Transforming Landscapes

Transforming landscapes from black to green. 

One of the key aims of the National Forest is landscape transformation. When we began, much of the area now covered by the Forest had been left scarred by decades of coal, clay and gravel extraction. While these industries had built the local economy, their decline left areas of un-restored land that blotted the landscape.

Working with our partners, old collieries and quarries have been transformed from barren post-industrial landscapes into thriving green spaces full of wildlife and places to enjoy. Collieries have become country parks, quarries have become wetland wildlife havens and disused railway lines now provide off-road cycling routes.

This transformation is driven not just by a need to repair our natural environment, but also to improve the lives of local communities. People’s living and working environments have been improved, giving them more opportunities to relax in the fresh air, live more healthy lifestyles and engage with nature. 

Though our landscape is certainly looking greener, it doesn't mean our work has stopped. We're always looking for more opportunities to restore scarred land and repair our environment, as well as ensuring that we never lose touch with what once was here. Celebrating the landscape change and ensuring our heritage is always kept alive, whether through storytelling, arts, or song. 

Ashby Canal

The Ashby Canal opened in 1804, but by the 1940s it had largely become derelict with parts of it having been filled in, others affected by mining subsidence. With the creation of the National Forest came a renewed push to restore the canal and, between 1999 and 2005, the section from Moira to Donisthorpe was restored and rewatered. It now hosts the annual Ashby Canal Festival.

Hicks Lodge Cycle Centre

Hicks Lodge, outside of Moira, was worked for clay and coal at various times between the 1930s and 1990s. Throughout all this, a woodland called Fox Covert was protected, even being temporarily isolated on its own cliff in the 1990s. In total, an area equivalent to 164 football pitches was excavated up to a depth of 200 feet! But, in the early 2000s, the site was restored to woodlands, lakes and grasslands. It is now the site of Hicks Lodge Cycling Centre and is a local hotspot for wildlife.

Sense Valley 

Between 1982 to 1996, the land between Ibstock and Heather formed part of a large opencast colliery covering 186 hectares. After extracting 8 million tonnes of coal from the site, part of the site was restored as a country park. 98,000 trees were planted across 60 hectares and a network of lakes created along the River Sence. It is now a popular local park supporting a rich variety of wildlife including otters.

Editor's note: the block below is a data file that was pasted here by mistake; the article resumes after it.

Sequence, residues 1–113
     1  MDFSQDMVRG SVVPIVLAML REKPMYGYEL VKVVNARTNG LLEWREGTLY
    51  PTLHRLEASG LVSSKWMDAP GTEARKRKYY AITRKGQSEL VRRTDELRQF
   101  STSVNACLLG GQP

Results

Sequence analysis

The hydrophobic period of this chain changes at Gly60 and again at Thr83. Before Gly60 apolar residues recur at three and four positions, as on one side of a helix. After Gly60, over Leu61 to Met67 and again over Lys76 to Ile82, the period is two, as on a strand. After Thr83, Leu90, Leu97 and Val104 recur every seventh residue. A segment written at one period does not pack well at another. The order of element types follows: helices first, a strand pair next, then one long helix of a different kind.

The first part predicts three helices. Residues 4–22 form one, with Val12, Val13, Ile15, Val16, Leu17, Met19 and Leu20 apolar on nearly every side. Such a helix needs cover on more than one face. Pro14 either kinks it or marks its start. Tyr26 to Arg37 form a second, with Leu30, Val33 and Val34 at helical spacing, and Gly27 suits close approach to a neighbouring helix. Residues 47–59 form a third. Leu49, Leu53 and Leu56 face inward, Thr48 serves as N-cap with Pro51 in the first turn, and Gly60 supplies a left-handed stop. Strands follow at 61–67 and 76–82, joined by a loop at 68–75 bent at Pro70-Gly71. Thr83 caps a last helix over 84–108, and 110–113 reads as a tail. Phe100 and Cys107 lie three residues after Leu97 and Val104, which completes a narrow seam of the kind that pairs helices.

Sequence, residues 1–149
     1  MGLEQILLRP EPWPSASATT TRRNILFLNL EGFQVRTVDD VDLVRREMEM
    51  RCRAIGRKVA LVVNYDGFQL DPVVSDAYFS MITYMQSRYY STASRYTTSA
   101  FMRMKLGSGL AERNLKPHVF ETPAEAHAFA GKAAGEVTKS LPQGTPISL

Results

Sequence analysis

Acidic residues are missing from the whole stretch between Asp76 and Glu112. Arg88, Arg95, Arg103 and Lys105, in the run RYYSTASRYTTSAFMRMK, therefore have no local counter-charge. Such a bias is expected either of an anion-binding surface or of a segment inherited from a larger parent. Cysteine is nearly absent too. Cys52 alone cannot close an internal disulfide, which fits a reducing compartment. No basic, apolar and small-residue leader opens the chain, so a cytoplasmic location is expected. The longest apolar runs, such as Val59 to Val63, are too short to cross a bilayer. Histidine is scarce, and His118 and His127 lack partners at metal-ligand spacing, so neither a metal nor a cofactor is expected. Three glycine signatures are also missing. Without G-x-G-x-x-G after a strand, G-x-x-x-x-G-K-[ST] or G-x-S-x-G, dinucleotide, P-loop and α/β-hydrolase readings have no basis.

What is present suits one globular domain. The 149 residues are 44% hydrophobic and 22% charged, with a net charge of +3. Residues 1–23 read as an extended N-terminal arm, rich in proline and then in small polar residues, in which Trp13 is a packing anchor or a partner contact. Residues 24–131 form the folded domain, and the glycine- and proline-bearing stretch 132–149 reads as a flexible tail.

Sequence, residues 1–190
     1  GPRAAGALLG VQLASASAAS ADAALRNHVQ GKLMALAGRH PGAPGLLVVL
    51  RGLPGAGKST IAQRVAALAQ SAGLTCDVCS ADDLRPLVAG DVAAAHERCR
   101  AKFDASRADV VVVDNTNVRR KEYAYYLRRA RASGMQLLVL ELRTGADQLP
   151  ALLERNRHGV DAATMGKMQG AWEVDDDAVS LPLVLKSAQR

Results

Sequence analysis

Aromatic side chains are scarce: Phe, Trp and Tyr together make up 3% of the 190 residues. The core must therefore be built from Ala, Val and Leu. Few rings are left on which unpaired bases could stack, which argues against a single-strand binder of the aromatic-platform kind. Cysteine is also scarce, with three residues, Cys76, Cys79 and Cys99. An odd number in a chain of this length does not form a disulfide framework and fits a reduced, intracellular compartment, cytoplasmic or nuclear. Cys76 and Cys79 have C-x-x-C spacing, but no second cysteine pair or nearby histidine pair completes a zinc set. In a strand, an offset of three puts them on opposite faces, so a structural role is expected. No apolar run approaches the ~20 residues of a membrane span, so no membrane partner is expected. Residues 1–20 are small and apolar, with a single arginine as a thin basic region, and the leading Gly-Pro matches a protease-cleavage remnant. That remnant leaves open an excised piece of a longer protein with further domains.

Swadlincote Woodlands 

Situated in the heart of Swadlincote, it is easy to forget that this 35 hectare woodland park was once a landfill and opencast colliery. It was restored in the mid-1990s and has seen the planting of over 40,000 trees, together with the creation of new ponds, meadows and a network of footpaths. It now offers a play area, picnic site and an orienteering course. A walk up the hill gives spectacular views overlooking the town and Trent Valley beyond.

Farm to Forest 

While the most spectacular transformations have been to old collieries and quarries, much of the National Forest has been created on farmland. While we are careful to make sure that food production remains the priority, there have been many opportunities for farmers to create new woodlands and habitats on their land. A great example is the Grange Wood estate near to Overseal, where the landowners used our Changing Landscape Scheme to convert over 40 hectares of intensively managed arable land into new woodland, grassland and the restoration of a historic parkland.

Get involved and make a difference 

From keeping heritage alive to helping us care for woodlands, we need people like you to help us continue to transform landscapes. See how you can get involved or support us by donating.

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